Chan-Wook Park’s immensely powerful action/suspense film shields its perturbing message of revenge and familial betrayal under its veneer of violence and rivers of blood. As we follow Oh Dae-su on his dangerous quest to find out the identity of his captor who imprisoned him for 15 long years without explanation, it’s hard not to anticipate the amount of pain he will inflict on his enemy once he meets him face to face. That’s where Oldboy separates itself from countless other revenge thrillers. Not only was the entire movie a buildup to the tense climax, but it made me uncomfortable watching it, in a good way. At the end of the day, Oldboy is as shocking as it is thought-provoking.
- Kill Bill Vol. 1/2 (2003/2004) – dir. Quentin Tarantino
To preface, I’m treating both installments as one collective film, for the two were shot back to back and the story meant to be seen as one continuing narrative. That being out of the way, Kill Bill is nothing short of a triumph. One big bloody, witty homage to old school karate flicks and Spaghetti Westerns, Kill Bill shines through the clouds armed with nothing more than a simple revenge plot. That and a man named Tarantino behind the camera. Supplementing its gratifying and far-fetched violence with even more satisfying dialogue, Kill Bill ends on a high note, leaving me begging for more…and more and more.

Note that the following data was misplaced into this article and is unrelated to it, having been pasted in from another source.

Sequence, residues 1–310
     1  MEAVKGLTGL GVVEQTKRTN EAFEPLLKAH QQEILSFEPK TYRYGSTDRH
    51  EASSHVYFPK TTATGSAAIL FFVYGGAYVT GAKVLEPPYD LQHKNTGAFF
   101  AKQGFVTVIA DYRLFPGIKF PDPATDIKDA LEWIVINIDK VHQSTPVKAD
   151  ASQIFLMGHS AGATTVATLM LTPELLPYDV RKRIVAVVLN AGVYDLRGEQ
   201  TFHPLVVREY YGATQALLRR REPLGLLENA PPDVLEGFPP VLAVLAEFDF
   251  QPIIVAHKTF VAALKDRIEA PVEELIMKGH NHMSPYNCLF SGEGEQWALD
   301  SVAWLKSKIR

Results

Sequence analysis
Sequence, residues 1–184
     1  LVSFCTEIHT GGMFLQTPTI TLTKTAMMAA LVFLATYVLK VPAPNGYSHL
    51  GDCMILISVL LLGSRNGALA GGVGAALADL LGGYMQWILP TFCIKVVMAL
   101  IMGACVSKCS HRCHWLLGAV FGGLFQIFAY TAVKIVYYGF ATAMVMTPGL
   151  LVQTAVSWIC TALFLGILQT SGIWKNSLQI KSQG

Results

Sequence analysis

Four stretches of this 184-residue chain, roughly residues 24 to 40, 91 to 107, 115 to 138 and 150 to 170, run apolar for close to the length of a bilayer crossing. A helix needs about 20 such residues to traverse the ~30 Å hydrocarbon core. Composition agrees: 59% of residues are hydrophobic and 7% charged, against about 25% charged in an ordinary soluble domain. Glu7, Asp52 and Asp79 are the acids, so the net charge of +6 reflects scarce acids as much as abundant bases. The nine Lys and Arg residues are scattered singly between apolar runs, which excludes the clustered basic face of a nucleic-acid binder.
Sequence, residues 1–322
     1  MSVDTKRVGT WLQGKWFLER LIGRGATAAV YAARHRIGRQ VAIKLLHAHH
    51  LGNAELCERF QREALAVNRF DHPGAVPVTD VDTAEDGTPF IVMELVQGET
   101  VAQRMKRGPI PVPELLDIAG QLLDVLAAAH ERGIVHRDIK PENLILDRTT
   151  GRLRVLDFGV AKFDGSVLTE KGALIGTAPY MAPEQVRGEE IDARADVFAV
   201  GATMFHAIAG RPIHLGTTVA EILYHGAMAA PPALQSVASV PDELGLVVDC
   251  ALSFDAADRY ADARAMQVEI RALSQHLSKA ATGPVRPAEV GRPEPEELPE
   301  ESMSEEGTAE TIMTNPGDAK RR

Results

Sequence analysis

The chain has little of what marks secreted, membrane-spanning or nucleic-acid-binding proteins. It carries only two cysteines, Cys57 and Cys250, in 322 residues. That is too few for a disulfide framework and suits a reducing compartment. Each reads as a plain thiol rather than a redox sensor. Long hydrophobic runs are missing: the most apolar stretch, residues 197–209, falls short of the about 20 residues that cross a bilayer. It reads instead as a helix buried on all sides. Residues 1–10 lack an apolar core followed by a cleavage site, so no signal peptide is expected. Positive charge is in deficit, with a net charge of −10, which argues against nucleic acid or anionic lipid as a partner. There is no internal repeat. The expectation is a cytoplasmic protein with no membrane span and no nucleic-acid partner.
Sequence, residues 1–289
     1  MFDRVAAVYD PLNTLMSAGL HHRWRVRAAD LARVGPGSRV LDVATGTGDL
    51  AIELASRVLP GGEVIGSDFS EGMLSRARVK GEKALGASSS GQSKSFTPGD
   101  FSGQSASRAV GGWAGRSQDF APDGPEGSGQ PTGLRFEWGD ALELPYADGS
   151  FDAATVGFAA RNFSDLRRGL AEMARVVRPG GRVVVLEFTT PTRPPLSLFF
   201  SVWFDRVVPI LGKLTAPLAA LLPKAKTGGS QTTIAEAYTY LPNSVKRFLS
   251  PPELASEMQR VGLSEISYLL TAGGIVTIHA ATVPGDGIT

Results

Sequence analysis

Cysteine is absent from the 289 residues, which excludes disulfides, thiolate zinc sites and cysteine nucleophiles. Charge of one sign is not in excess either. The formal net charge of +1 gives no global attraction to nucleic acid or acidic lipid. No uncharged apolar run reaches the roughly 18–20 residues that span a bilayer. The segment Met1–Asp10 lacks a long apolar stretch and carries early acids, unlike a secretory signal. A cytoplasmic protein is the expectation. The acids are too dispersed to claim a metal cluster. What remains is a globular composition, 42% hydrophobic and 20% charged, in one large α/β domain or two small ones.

- Lord of War (2005) – dir. Andrew Niccol
Lord of War is a movie I instantly fell in love with. Say what you want about his inconsistent track record and suspect choice of roles, Nicolas Cage is one of our finest working actors. He reminds us of it here in one of his finest performances as the ambitious gunrunner Yuri Orlov. His rags to riches story quickly turn him a profit, however the gun smuggling business proves too much for Yuri and his brother Vitaly (played tenderly by Jared Leto) who is WAY in over his head. Money, drugs, family loyalties, greed, and the law all prevent him from realizing his greatest dreams. There is something subtle working for Lord of War. Dramatic, yet humanly subtle. Cage is extremely honest and vulnerable in his portrayal as the dealer of death. But after the murder of his brother and the departure of his wife and kid, Cage carries a quiet despair on his face throughout the movie that makes the moniker “lord of war” not as enviable as it initially sounds.
- Bronson (2008) – dir. Nicholas Winding Refn
Like I said, I have a thing for one-man shows. And Bronson is the show to end all shows. Tom Hardy gives his ballsiest performance as Charles Bronson (born Michael Peterson), “Britain’s most violent prisoner.” Yes he’s gone on to amass quite the public following but Bronson is where Hardy first truly entered the actor’s club. Because he completely loses himself in the role, so can I. Forget the fact that this is one helluva movie, more importantly its one of the most entertaining biopics of recent memory, if you can even call it that. Stylized visual tricks, POV shots of Bronson recalling his past exploits on stage to a vague audience, and narrative drift just surreal enough to be called art house, Nicholas Winding Refn was sowing the seeds here for his eventual masterpiece in Drive (2011). That’s where the film strikes gold. Bronson doesn’t focus on the life of the real imprisoned Charlie Bronson, it examines the concept of him; the essence of him. “All my life I’ve wanted to be famous” Bronson tells us from the film’s opening moments, and he spends the rest of the movie trying to accomplish just that. I smile and I laugh every time I see this tour de force. What more can you ask from a movie?